There’s probably more of a market for him in America than back home, but if you don’t know the name but your collection includes any of his influences, then this won’t disappoint. Mike Davies


End of Suffering (International Death Cult)


Former frontman with The Gallows, Carter’s been ploughing a successful solo furrow for a while, but this third album could well prove his breakthrough to wider awareness, mixing soft, intimate tones with big dramatic indie rock flourishes and snarly guitars, as for example on album opener Why A Butterfly Can’t Love A Spider, a track that also reflects his increasingly prowess as a songwriter.

Reunited with Tom Morello, Tyrant Lizard Kind is more of a riff driven squally groove, an approach that also underpins the likes of Heartbreaker, Latex Dreams, bluesy rock loping Crowbar and Kitty Sucker while a slow grinding Angel Wings gradually builds to a massive stadium swell. Closing with the brooding five-minute title track, piano trills taking it to the end with sampled children’s voices, it’s ample evidence that Carter’s ready to move to the next level. Mike Davies


Now (Secret City)


Moving from the roots rock folky sound of his previous three EPs. The Montreal singer-songwriter’s debut album finds him edging more towards the headier pop inflection of Perfume Genius and even Talk Talk, prime examples being No Love Go or the musically nervy ambience of album opener Give A Chance although, that said, Stay and To The End have definite traces of prog in their DNA that devotees of Yes or Marillion might not find displeasing. The dysfunctional relationship-themed title track is particularly strong, a surging rhythmic drive and a funky undertow propelling its along, while, in contrast, Passageway floats on swirling of keyboard clouds, a six-minute tremulously Hurricane building to sonic storms before ending the album on the echoey atmospheric, strings-swathed Nothing Lasts. A musical and emotional graduation ceremony, he’s awarded honours. Mike Davies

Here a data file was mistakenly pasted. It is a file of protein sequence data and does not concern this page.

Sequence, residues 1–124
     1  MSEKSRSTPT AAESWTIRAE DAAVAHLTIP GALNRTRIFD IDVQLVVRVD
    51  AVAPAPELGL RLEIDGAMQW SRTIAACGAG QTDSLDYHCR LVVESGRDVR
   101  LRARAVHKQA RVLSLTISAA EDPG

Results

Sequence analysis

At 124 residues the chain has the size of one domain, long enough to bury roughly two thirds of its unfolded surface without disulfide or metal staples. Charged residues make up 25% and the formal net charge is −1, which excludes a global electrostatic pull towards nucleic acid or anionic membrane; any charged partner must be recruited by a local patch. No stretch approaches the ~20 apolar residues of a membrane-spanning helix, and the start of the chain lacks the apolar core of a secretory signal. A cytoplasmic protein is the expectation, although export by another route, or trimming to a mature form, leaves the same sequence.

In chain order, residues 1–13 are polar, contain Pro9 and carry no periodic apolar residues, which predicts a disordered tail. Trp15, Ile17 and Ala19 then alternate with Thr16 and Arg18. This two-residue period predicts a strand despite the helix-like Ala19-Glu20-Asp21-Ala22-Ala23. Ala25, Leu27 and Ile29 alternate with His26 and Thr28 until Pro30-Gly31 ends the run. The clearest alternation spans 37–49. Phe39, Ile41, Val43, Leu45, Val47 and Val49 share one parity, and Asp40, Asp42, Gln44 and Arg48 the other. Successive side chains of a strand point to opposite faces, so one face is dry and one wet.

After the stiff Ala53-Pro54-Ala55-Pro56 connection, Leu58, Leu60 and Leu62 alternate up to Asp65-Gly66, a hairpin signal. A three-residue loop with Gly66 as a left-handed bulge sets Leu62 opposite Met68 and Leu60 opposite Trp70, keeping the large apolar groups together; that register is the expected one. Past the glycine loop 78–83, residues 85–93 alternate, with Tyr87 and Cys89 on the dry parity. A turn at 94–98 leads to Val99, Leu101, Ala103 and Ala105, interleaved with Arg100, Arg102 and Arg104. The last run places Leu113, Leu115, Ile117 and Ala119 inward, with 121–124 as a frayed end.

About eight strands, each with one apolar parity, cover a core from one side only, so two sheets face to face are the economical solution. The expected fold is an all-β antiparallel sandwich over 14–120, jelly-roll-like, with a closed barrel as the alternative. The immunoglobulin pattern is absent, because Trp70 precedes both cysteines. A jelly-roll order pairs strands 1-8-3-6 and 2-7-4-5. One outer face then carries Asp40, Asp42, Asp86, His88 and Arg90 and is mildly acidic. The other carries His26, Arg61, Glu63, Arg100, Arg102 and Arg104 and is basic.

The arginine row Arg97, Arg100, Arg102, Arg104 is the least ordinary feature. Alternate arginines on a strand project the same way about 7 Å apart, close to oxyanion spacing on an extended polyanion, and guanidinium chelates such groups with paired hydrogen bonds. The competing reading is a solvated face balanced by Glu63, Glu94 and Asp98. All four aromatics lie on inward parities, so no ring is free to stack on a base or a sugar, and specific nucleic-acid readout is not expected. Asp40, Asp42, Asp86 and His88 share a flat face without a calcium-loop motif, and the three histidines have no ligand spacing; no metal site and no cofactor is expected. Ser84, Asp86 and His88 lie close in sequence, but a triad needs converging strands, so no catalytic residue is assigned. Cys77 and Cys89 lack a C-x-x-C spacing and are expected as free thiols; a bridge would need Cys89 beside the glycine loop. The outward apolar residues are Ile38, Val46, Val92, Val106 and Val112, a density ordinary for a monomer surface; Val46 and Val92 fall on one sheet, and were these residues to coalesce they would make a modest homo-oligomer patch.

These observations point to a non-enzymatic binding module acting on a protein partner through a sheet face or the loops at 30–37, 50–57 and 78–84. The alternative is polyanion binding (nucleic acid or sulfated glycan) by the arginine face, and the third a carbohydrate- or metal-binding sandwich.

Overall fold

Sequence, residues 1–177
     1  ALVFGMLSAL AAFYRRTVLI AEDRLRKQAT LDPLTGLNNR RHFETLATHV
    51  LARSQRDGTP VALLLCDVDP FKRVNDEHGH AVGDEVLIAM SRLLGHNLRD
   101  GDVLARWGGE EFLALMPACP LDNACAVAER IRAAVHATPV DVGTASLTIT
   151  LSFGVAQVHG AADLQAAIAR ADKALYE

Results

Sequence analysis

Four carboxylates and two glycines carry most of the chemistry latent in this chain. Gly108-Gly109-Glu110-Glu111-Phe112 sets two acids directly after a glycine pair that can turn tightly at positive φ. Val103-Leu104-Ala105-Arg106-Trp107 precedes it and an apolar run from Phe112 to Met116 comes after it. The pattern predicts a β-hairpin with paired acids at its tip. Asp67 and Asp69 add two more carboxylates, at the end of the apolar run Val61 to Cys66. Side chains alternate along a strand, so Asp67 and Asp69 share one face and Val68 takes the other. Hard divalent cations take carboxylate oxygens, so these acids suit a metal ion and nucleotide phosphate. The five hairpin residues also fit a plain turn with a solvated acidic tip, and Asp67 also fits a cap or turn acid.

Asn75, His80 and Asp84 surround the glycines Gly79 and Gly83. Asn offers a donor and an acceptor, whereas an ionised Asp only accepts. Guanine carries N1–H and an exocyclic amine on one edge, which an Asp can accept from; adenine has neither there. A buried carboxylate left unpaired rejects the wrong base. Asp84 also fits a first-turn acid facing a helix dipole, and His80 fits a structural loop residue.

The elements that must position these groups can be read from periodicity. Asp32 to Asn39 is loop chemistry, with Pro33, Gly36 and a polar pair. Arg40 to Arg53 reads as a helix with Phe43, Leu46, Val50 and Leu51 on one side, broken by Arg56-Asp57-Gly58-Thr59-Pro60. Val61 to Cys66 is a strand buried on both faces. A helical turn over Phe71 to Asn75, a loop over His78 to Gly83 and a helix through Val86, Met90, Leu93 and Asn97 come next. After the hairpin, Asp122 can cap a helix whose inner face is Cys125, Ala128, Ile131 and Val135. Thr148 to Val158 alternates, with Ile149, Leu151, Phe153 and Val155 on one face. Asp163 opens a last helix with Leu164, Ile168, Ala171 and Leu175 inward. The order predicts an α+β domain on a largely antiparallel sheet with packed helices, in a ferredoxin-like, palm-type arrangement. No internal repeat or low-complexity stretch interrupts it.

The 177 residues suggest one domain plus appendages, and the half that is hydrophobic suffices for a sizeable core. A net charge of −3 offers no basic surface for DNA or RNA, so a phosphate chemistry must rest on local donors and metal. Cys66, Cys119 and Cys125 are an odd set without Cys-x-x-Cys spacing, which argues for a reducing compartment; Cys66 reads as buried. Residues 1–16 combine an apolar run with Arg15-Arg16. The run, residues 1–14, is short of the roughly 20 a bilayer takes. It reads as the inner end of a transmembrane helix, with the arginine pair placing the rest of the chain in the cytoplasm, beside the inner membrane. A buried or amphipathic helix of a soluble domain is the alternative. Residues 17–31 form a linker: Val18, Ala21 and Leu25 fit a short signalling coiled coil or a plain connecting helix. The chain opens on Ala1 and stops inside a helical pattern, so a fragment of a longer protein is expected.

Father of the Bride (Columbia)


Following the departure of multi-instrumentalist Rostam Batmanglij, theband’s fourth album, the first in six years, save for his co-write onthe sunny, piano tinkling Afro-pop shuffle and sway We Belong Together, is very much an exclusive vehicle for Ezra Koenig, albeit in occasionalcollaboration with other writers. The result is a scattergun of ideas that musically dart here and there, from the opening with the wedding setting of Hold You Now, a simple acoustic fingerpicked folksy number co-written with Hans Zimmer and punctuated with choral choruses by Danielle Haim, the catchily tumbling almost calypso flavoured Grateful Dead-influenced Harmony Hall and the skewed jazzy funk of Sunflower with its scat vocals and jazz fusion guitarist Steve Lacy to the processed vocals of Flower Moon that mingles Brian Wilson and PaulSimon, the Afro-Hispanic jauntiness of This Life (co-written with Mark Ronson, sampling Sierra Leone’s SE Rogie and referencing Johnny Cashs’s Satisfied Mind) or the shuffling drums folk pop Stranger before ending with the piano-accompanied ballad Jerusalem, New York, Berlin.Oscillating between jubilant optimism (Koenig is now happily wed and a father) and downcast anxiety (he still nurtures an existential pessimism) with themes that range from relationships in strain to climate change, the 18 tracks make for a sometimes disjointed listen, held together mainly by Koenig’s distinctive vocals and the consistently infectious melodies not to mention the creative imagination that canflip from 2021 which samples Yellow Magic Orchestra or the early hours piano lounge jazz and samples of My Mistake to the more familiar Graceland ripples of Married In A Gold Rush (another with Haim on backing vocals) and the moody and languid shuffle of Unbearably White. Possibly best enjoyed in small doses rather than gorging all at once,it’s very welcome return.Mike Davies 2018